Not long ago, the country was in chaos as former President Laurent Gbagbo rejected election returns that favored the opposition led by Alassane Ouattara. President Ouattara, who assumed office in December 2010, reportedly has now acceded to the demands of the security forces but has also dismissed the heads of the army, police and paramilitary gendarmes in a bid to end the unrest.
The mutineers are mostly stationed in Bouake, Man, Daloa, Daoukro and other central Ivorian cities, and in Korhogo in the north. Reports from the region describe them as mainly former rebels who integrated into the army following the end of the war.
Earlier last week, soldiers armed with AK-47 assault rifles fired at the offices of the state broadcaster in the city, and seized control of Bouake’s western entrance, a resident told the BBC.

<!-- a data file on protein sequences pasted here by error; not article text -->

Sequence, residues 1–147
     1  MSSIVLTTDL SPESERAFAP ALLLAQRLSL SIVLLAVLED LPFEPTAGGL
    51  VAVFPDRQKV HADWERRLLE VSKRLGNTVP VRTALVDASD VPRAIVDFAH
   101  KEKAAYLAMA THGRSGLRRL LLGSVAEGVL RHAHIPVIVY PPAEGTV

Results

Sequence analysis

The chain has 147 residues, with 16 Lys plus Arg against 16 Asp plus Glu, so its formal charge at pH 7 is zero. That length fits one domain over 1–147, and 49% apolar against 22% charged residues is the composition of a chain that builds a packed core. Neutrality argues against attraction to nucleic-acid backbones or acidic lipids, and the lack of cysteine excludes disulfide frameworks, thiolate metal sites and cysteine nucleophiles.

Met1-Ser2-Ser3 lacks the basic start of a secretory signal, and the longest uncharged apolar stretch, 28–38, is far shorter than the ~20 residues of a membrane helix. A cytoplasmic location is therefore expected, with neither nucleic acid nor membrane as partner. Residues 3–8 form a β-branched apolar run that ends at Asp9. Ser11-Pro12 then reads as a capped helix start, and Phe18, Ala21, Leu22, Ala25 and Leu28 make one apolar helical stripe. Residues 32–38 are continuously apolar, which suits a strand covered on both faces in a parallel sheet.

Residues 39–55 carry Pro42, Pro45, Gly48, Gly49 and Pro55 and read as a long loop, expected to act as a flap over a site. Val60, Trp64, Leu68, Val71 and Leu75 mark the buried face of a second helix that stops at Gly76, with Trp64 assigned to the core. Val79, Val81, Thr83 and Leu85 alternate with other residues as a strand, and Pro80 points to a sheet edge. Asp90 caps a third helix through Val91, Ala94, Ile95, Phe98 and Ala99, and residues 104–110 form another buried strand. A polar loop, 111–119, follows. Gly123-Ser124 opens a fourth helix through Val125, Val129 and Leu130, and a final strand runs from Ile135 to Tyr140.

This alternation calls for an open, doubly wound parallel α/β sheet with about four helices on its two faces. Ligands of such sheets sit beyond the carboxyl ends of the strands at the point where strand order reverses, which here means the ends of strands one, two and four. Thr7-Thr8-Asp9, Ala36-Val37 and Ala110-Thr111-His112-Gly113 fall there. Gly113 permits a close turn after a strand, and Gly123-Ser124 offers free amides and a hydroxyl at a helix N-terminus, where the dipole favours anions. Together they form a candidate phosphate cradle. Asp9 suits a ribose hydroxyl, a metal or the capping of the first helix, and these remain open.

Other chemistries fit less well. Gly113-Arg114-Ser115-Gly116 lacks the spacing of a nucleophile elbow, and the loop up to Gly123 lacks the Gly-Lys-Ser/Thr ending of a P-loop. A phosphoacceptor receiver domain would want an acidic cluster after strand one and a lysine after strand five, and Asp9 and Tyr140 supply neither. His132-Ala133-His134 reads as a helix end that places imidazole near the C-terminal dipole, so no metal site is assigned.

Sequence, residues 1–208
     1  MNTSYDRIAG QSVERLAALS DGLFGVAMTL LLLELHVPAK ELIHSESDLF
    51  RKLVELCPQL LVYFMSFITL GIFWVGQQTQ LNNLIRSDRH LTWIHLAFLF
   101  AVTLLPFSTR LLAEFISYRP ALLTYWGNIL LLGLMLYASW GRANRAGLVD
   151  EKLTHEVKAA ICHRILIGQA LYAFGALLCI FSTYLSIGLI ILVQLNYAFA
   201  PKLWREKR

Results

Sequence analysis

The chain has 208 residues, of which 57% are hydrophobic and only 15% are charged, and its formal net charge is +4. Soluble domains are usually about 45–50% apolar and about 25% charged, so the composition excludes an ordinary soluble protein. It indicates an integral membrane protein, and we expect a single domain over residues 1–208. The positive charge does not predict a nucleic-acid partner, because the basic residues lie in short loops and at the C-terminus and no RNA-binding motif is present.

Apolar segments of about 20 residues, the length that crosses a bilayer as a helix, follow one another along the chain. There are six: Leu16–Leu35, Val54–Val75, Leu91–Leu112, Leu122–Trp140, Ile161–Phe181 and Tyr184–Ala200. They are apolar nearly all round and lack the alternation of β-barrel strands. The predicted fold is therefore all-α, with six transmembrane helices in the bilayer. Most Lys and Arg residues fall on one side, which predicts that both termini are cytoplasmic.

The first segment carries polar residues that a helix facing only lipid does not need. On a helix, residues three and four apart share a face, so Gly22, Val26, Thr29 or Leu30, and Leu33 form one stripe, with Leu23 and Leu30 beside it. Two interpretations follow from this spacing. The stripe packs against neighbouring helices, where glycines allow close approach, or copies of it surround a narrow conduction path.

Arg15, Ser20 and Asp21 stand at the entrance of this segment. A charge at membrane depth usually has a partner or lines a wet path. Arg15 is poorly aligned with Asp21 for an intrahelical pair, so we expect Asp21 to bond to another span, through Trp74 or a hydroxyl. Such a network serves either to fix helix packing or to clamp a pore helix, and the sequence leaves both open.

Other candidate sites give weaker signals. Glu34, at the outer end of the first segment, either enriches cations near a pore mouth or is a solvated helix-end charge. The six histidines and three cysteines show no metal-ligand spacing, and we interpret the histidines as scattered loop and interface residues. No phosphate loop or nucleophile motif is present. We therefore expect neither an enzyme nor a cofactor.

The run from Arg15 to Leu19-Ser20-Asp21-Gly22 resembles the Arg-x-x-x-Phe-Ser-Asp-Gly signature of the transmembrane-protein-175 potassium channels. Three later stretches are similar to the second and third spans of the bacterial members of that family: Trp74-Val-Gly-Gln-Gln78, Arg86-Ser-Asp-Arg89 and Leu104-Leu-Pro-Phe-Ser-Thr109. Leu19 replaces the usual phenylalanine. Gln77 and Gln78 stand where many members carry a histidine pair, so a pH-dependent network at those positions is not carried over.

An MP for Bouake, Bema Fofana, told the BBC that the soldiers did not appear to have a leader or spokesman, making it difficult to negotiate with them.
A teacher in Bouake, Ami Soro, said the city was deserted, Reuters news agency reports.
“Men in balaclavas are patrolling the city on motorcycles or in cars. They aren’t attacking residents… They told us to stay at home,” she was quoted as saying.
While financial institutions such as the International Monetary Fund have praised Ivory Coast for its pro-investor climate, it’s not clear that all Ivorians are benefitting. A new constitution presented last year by the president was met with violence at around 100 polling stations.
Turnout in Abidjan was visibly lower than during previous year’s presidential election when 54.6 percent of eligible voters cast ballots, a fact that opposition leader Pascal Affi N’Guessan said demonstrated the text’s rejection by the people.
The new text allows future changes to the constitution to go ahead without a referendum and with a two thirds majority in parliament – a body now dominated by Ouattara’s allies.